Yasuko Hino Grate ’90 knows what it feels like to be a stranger in a strange land. She came to Seattle Pacific University speaking very little English and, because of the language barrier, struggled to succeed in her computer science and business classes. “The language was hard,” she remembers, “so my courses didn’t make sense. It’s a good thing Dr. Tindall noticed.”
Dr. Michael Tindall of the Department of Computing Sciences gave her a break that Yasuko says changed the course of her life. “He allowed me more time to complete tests so I could graduate.”
Grate went on that summer to a career as a test manager at Microsoft, where she met her husband, Thomas. Now retired, she has focused her enthusiasm and considerable energy on a wide range of interests, including learning Italian.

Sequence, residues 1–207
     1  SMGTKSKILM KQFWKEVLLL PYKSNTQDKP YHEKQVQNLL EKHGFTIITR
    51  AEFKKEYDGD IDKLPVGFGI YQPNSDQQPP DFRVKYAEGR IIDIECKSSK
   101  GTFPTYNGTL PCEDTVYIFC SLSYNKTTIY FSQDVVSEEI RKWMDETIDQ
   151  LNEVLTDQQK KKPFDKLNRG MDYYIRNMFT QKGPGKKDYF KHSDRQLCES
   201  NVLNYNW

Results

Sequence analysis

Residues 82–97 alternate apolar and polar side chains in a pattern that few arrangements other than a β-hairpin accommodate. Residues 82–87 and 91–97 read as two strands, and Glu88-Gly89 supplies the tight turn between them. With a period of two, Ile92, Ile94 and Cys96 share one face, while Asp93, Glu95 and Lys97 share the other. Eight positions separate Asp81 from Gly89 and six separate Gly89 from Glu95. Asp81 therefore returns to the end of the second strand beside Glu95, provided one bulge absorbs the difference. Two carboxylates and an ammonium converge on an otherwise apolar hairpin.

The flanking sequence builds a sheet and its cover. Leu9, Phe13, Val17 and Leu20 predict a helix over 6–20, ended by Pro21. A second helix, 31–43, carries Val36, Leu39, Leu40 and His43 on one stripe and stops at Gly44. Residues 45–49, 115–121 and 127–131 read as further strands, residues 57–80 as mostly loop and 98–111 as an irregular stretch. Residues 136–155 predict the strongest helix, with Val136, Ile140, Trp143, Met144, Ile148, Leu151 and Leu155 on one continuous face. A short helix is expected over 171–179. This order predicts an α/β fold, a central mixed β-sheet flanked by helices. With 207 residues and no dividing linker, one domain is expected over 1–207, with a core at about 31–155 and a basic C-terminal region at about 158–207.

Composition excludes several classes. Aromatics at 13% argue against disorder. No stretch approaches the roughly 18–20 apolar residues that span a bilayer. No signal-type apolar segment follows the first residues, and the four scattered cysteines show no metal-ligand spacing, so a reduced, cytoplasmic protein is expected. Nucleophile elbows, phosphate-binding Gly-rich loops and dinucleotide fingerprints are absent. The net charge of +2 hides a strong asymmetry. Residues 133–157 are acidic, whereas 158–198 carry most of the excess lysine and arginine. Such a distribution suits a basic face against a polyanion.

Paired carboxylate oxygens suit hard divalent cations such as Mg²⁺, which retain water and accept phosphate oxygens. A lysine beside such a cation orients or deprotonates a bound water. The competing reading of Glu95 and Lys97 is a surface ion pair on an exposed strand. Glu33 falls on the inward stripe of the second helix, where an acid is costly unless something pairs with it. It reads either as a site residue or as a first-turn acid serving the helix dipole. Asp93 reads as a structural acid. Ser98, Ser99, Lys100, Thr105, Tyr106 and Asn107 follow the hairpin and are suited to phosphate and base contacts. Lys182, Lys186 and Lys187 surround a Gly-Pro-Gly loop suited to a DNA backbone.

Because of her experience as an international student, she has directed her generous giving toward the Yasuko Hino Grate Endowment, which provides scholarships for international students. Having more students on campus from different countries also benefits domestic students by providing a broader world view.
She has also made her endowment a beneficiary of her estate through her will. “I remember what it is like to be a student, and I think it is probably really hard now,” she says. “I want to help international students to be more comfortable here so they don’t feel they are alone.”